Bob Hicok’s Words for Empty and Words for Full

by Jess

I don’t know where to begin.  I’d love to throw some excerpts at you, but I fear I’d end up excerpting the entire book, and that would surely be in violation of some copyright laws.  Or something.

I think I’m going to begin with an excerpt anyway.  Here are the opening lines from the opening poem, “In these times”:

My sister’s out of work and my brother’s
out of work and my other brother’s
out of work, these are facts available
over the phone or in person, just as now,
three clouds travel north, one
above another, smallish, amoeba shaped,
and the bottom cloud just died,
and the top two have joined forces
and left me to fend for myself
under a new sky.

The opening poem (or opening lines of a novel or collection of stories) should, in effect, show you how to read the rest of the work.  Here we are being placed distinctly within the downtrodden economic milieu of our day.  Note how Hicok spends time thinking about the situations of other people, about relationships, about the natural world around him, and about the “new sky” he finds himself under.  (We’ll come back to that.)

Later in the poem, he waxes Whitmanesque in referencing “the thrum and hum that is all there is / except what there is not.”   The poem ends on a consideration of human connection:

… me,
who has to mumble through
some version of

could you, I don’t know, maybe send me,
I hate to ask, a few bucks?

If you never had to make that call,
let me kiss the inside of your skull, let me intercede
on the part of the burned field
for the grass,
on the side of the cadaver
for the walk under the moonlight, I’m only praying
you listen to the theory
that how we get to be alone
is how we work to be together, since there are stars
inside your thumb, your breath,
and how you say yes or no is how they shine
or burn out.

I love his beautiful wordplay in instances like let me kiss the inside of your skull and there are stars inside your thumb.  It’s fantastical and weird and beautiful and moving all at once.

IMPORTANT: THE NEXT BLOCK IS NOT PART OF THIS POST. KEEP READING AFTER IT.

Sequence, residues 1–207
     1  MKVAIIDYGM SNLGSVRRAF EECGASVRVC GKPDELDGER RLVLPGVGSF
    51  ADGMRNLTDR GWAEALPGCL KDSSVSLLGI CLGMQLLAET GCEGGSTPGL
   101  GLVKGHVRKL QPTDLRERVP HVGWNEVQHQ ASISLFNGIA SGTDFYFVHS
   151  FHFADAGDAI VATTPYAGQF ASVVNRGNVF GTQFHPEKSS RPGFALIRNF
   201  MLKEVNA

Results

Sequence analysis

In both of these examples, the whole stanza is one long, winding sentence, an associative exploration through the narrator’s thoughts.  Many of his poems are written this way, and they’re generally my favorites, although in some pieces, he also plays with words in a way that at first makes them seem nonsensical, like in “See side,” where he says things like, “Mind as wave: whoosh.  As wet.”  And, “I come onely, you two.  Boo-hoo.”  And then there are the long, paragraphed prose poems.  And then there are the poems with pie charts and graphs (“The pie chart’s the only dessert-related / presentation tool I can think of. “).

As always, his quirky way of viewing the world comes through in lines like, “…but I love ponies / how they let our children / ride them in circles with helmets on in case / the circles fall” (from “Some things that come together in coming apart”); “The gravel sounds like breakfast cereal eaten straight from the box” (from “Endangered species”); “…we’re talking about…the Klan, which he saw as a child, / they gathered on a highway east of here, hundreds of men / dressed like beds” (from “Redoubling our efforts”); “The clouds in being zipperless / are Amish (from “An account of lately”).

The second section of the book contains the collected poems regarding the Virginia Tech shootings.  It’s a very moving meditation on the whys of the whole thing, and the uselessness of asking why, filled with images of the shooter’s inhuman silence-turned-mad raving, or devastated parents crumpling to the floor.  He explores the inability of language to express the emotions of the incident (“Here you might recognize language / as one of the ways to end a poem.”).

(There aren’t tons of reviews out on Words for Empty yet, but you can read reviews that excerpted poems about the shootings here and here.)

There are many poems about water, various references to the war, to death, to birds and cows and ponies and dogs.  But you’ll have to read it to understand what all of that means.  You might read it and still not understand what all of it means, but that’s okay; you don’t have to understand a work of art to be moved by it.

I come away from this collection with a sense of trying to make sense of it all, of this new world we found ourselves in when we woke up this morning, with perhaps a melancholy look back at the innocence we’ve lost.  As Hicok says, “…everything / is changed forever all the time, I’ m not here, / I’m up ahead, running with my arms thrown back / to embrace how mild life seemed / when I first noticed light coming to rest / on my mother’s face.”  And there’s an incredible coming-togetherness of all of us, the whole of humanity almost.  The closing lines of the closing poem say:

In this way I have given you a primer.
Let us all be from somewhere.
Let us tell each other everything we can.